discourse, debate, dispute and so forth. Particularly, we often see it
applied to the Apostle Paul as he reasoned and argued with Jews in the
synagogues (Acts 17:2,17, 18:4,19, 19:8) and Greeks and other Gentiles in the
marketplaces and academies of the time, where the exchange of ideas took place
(Acts 17:17, 18:4, 19:9-10).
Paul’s evangelistic preaching wasn’t simply thrilling oratory and edifying,
“homiletic” exposition; it involved in-depth reasoning; even – at times,
such as on Mars Hill (Acts 17:22-34) --, literally philosophical
Jesus, too, often engaged in vigorous, rational, scriptural argument, especially
with the Pharisees, much in the spirit of the ancient rabbis. One example of
this among many occurs in Mark 12:18-27, where He is said to be “disputing”
(Greek, suzeteo) with the Sadducees (cf. Acts 9:29, where the same word is
Rational argument, thinking, or open-minded discourse and dialogue is altogether
permissible; indeed, required of all Christians who wish to have a robust,
confident, reasonable faith amidst the competing ideas and faiths of the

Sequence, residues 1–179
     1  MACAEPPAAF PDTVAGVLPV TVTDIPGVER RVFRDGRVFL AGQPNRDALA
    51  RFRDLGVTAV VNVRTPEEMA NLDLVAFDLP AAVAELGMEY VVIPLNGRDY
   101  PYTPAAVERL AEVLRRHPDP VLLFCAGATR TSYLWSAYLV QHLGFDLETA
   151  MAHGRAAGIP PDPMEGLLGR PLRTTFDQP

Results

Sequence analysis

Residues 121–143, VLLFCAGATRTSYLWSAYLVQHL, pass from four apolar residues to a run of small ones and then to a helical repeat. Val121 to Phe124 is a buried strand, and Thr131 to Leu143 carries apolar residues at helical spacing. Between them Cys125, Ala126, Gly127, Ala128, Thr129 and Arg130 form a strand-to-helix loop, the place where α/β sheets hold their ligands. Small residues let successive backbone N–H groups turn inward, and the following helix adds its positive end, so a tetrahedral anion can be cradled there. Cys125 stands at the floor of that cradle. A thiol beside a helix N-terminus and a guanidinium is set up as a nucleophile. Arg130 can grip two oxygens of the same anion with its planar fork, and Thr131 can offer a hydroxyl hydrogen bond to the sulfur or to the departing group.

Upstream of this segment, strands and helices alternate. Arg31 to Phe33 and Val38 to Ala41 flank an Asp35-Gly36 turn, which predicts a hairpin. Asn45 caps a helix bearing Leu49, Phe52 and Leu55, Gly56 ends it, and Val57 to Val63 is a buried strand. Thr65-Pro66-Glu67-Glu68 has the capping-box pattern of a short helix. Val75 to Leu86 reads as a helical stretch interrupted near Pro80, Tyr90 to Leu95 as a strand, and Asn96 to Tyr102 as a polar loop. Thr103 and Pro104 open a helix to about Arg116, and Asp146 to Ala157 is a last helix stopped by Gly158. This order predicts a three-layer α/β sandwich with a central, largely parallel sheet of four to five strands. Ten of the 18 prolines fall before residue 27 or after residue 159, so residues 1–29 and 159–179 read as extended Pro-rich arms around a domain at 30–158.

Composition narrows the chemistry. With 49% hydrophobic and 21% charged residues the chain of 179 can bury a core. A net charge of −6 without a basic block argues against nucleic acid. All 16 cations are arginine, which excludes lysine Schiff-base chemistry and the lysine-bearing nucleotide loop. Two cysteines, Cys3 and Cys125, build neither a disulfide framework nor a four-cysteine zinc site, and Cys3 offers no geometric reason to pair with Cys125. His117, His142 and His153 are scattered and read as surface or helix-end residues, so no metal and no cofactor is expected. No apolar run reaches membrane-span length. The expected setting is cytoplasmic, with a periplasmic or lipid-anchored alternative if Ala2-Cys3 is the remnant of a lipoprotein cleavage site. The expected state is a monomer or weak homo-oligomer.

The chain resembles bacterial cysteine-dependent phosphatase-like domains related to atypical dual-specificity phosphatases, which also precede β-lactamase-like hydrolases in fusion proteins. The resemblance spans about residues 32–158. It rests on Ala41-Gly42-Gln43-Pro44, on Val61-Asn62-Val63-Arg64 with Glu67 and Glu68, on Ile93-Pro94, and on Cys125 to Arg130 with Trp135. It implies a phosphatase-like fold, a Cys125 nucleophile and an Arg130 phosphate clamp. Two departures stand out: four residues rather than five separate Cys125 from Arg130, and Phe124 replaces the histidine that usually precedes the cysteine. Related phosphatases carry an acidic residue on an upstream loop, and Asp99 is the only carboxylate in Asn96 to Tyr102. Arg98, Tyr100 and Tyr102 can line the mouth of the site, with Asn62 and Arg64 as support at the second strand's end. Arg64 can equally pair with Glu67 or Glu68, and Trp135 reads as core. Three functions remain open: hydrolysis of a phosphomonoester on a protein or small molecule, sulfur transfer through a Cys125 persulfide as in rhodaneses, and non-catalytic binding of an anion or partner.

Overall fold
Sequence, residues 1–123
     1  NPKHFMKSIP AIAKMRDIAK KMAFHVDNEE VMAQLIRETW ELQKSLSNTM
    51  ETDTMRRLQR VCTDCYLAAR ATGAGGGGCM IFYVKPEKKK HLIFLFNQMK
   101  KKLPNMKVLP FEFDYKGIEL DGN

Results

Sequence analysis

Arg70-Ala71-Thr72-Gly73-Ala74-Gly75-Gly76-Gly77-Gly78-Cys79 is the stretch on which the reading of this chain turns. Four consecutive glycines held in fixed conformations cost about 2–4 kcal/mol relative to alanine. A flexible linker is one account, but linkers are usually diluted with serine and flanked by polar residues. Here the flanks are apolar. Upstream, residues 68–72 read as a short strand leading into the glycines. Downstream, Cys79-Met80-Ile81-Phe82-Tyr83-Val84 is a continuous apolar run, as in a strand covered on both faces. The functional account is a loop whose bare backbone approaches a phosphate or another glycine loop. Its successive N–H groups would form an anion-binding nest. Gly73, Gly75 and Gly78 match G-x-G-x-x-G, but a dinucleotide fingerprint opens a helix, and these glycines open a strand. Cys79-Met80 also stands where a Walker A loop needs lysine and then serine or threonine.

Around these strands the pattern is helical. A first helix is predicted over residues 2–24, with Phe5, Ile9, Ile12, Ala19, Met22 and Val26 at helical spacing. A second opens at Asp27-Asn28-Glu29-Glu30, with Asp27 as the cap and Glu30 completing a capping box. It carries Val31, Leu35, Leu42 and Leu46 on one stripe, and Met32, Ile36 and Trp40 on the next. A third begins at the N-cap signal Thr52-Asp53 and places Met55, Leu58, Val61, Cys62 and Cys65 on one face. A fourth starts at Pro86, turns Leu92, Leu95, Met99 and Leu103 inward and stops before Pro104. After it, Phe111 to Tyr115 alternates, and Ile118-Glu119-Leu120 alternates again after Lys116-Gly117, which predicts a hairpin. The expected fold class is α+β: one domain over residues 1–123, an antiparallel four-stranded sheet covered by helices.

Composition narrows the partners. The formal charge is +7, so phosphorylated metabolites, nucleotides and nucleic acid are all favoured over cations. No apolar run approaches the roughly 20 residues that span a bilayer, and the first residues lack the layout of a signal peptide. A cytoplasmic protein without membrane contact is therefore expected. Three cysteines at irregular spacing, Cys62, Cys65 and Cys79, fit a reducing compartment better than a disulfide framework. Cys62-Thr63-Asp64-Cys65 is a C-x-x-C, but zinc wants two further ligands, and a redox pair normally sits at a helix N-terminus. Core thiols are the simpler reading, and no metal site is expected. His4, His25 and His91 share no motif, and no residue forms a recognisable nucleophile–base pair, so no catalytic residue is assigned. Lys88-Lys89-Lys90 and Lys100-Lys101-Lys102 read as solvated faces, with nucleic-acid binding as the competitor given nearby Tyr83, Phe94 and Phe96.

world and academia. Our Lord instructs us to love God with our minds as well as
with all our hearts, souls, and strength (Luke
The word apologetics; that is, the defense of Christianity (or Catholicism in
particular, in the present instance) is derived etymologically from the
Greek apologia, which term was used by Plato as a title of one of his many
classic dialogues, in description of the philosopher Socrates’ lengthy and
elaborate defense or justification of himself against trumped-up,
politically-motivated charges in Athens, in 399 B.C.
I will note however that I do not expect to find that level of sophisticated discussion in this part of the blogosphere. Seeking to counter misunderstands and untruths is about the best I can expect to do here, and even then just have those represented in the search engines.